"Celebrating the release of 12 Songs (Cryptogramophone, 2005), violinist Jenny Scheinman assembled a string orchestra to augment her septet in performance at New York's Tonic. The addition enlivened the buoyant melodies and spurred the soloists with lush accompaniment. The thrilling results prompted Scheinman to write more for this instrumentation on Crossing the Field, her fifth and most ambitious CD to date.
She uses the string section as an integrated voice that interacts with, rather than playing alongside, the other instruments. On "Born into This," the strings weave a lilting cushion for the leader's solo, punctuated by Jason Moran's tinkling piano. "I Heart Eye Patch" finds bassist Tim Luntzel and drummer Kenny Wollesen propelling the ensemble with a bouncy march, eliciting a spry retort from the strings. Moran's bluesy rumbles unfurl over the mid-tempo groove of "Hard Sole Shoe," with clever embroidery from the orchestra. More traditionally, the strings swell with romantic sweeps over "Ana Eco" and dynamically shift from hushed whispers to dramatic flourishes on the cinematic "Einsamaller," recorded at the Tonic show.
Songs for smaller groupings temper the orchestra pieces, including two for violin, piano and drums. Moran stretches on "That's Delight," inverting the melodic line, and sparring with the leader on Duke Ellington's "Awful Sad," the sole cover. Bill Frisell's shimmering guitar colors the piano theme of "Processional," its sparse movement accentuated with rolling cymbals and Doug Wieselman's clarinet. He struts over the Afro-beat of "Song For Sidiki," as Scheinman's soaring line plays off the irrepressible groove. Cornetist Ron Miles gallops a call to the races for "Three Bits and a Horse," a feature for his horn and the punchy rhythm.
Filtering a wealth of stylistic influences - traditional and contemporary, American and international - Scheinman has honed a sincere, personal expression, its breadth revealed in the elegant sonority ofCrossing the Field and the poignant musings on her simultaneously released eponymous vocal debut." -AllAboutJazz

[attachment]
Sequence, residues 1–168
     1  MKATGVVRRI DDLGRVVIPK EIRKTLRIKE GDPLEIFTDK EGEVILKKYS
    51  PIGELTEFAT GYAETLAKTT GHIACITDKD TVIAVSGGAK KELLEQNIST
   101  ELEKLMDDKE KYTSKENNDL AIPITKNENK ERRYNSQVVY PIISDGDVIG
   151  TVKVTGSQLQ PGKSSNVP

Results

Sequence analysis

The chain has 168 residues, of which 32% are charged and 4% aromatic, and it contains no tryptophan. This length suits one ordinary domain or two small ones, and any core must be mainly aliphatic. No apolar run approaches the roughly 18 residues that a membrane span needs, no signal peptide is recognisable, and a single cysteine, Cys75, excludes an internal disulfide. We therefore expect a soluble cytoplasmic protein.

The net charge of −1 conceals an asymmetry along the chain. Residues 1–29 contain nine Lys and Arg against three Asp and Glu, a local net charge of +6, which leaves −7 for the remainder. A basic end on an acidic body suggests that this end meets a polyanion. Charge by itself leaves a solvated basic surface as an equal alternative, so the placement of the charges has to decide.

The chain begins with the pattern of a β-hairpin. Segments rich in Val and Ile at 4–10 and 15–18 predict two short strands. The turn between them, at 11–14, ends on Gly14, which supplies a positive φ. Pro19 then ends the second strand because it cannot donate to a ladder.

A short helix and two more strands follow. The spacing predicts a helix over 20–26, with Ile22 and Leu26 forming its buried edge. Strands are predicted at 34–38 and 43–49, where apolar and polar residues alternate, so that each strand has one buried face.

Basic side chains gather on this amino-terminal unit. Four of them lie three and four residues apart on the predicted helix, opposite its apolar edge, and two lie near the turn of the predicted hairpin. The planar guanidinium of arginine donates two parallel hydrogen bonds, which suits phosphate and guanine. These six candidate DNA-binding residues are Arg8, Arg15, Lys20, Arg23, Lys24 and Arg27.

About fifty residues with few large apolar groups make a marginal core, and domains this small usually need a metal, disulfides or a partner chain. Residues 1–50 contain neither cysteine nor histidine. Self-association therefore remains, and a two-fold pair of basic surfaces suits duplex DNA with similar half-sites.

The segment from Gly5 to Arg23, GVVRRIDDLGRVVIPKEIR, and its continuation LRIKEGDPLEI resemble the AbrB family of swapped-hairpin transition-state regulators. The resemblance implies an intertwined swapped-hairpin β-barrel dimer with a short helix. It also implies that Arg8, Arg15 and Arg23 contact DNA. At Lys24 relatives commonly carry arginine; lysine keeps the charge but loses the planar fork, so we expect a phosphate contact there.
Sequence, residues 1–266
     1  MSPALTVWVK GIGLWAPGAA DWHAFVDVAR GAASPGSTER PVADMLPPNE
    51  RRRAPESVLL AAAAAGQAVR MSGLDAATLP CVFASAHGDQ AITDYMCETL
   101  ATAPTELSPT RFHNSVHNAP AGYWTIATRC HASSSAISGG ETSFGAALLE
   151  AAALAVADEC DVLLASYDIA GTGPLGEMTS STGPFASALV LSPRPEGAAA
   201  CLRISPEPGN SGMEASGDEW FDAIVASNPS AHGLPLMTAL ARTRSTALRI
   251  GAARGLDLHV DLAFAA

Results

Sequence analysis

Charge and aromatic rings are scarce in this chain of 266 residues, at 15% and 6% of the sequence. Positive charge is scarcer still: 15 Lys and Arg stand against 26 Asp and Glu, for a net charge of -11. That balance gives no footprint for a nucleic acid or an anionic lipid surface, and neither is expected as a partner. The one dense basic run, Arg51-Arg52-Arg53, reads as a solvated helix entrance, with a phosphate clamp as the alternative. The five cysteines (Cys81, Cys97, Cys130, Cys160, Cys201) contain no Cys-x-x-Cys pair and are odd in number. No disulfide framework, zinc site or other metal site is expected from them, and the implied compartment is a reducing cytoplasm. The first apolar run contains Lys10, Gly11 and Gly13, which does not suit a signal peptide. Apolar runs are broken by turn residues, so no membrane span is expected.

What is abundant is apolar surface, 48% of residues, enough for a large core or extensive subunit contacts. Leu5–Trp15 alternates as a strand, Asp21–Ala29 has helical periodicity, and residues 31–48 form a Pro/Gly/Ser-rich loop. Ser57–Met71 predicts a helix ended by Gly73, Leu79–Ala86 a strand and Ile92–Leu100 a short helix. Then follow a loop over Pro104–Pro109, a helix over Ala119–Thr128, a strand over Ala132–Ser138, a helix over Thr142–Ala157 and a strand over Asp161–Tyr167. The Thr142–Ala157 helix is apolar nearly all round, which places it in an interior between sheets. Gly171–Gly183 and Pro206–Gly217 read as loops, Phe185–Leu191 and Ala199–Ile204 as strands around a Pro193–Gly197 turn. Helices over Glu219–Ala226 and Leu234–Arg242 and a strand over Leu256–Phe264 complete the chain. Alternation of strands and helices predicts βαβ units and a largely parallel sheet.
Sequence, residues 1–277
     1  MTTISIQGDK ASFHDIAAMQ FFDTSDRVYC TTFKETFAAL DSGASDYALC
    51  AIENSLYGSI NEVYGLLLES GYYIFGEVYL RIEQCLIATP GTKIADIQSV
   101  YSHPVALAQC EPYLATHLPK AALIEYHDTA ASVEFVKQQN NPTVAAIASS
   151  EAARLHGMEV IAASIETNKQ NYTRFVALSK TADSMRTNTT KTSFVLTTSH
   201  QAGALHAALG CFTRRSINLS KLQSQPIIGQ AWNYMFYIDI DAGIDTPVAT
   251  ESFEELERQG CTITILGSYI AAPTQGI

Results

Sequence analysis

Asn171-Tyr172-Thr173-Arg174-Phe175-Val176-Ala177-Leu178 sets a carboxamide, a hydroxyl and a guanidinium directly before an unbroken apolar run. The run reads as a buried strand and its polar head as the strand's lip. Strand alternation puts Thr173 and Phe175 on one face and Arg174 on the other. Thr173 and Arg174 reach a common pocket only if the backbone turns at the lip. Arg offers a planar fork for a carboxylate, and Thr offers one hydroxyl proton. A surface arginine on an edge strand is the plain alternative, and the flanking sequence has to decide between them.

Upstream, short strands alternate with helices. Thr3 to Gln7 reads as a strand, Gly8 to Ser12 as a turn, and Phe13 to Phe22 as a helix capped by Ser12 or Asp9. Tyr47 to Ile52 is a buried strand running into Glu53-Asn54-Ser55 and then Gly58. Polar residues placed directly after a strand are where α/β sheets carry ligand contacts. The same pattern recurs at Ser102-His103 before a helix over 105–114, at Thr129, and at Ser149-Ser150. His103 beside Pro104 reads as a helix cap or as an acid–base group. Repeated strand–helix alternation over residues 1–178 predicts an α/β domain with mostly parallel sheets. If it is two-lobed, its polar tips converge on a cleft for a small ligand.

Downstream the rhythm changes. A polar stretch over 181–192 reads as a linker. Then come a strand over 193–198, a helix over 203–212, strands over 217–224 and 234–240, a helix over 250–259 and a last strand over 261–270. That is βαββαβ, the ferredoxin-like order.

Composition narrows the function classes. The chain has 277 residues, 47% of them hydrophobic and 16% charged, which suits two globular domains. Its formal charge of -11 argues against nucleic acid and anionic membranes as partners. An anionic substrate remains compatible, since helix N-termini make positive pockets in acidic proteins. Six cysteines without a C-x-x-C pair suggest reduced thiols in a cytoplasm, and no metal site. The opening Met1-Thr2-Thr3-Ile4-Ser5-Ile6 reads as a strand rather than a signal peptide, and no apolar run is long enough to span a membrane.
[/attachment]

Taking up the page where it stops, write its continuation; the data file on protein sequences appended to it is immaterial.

Personnel: Jenny Scheinman (violin, piano); Bill Frisell (guitar); Amie Weiss, Leena Gilbert, Laura Shifley, Kristi Helberg, Michi Wiancko , Jennifer Choi, Christina Courtin, Pico Alt, Leena Gilbert, Skye Steele, Julia Wedman, Julianne Carney, Mark Chung, Colin Jacobsen , Victor Schultz, Jonathan Gandelsman, Katherine Fong (violin); Dov Scheindlin, Megan Gould, Youyoung Kim, Max Mandel, Ron Lawrence , Stephanie Griffin, Jessica Troy, Nick Cords (viola); Timothy Loo, Fabrizio Mazzetta, Alex Greenbaum, Greg Heffernan, Eric Jacobsen, Natalie Haas, Marika Hughes (cello); Doug Wieselman (clarinet); Ron Miles (cornet); Jason Moran (piano); Zachary Cohen, Tim Luntzel (bass instrument); Kenny Wollesen (drums).
Audio Mixer: Sascha von Oertzen.
Photographer: Michael Wilson .
One of two albums the Brooklyn violinist/composer/bandleader released in 2008, CROSSING THE FIELD defies easy genre placement, thanks to Scheinman's instrumental facility and her exhilarating updating of traditional sounds, ranging from jazz to big band to swing to folk. Songs like "That's Delight" are gallant yet reckless, using violin as a centerpiece for a subtly crashing orchestra of piano, percussion, and mad-dashing rhythms. But then the opener "Born Into This" offers an avant-ambient mood that wouldn't be out of place on a Tortoise record, while tracks like "Ana Eco" are classical wordless ballads that recall the most epic of soundtracks or perhaps just entrance you amidst a solitary moonlit walk. FIELD crosses time periods, styles, and moods, but never ceases to inspire with its eclectic display of talent and inviting extension of boundaries.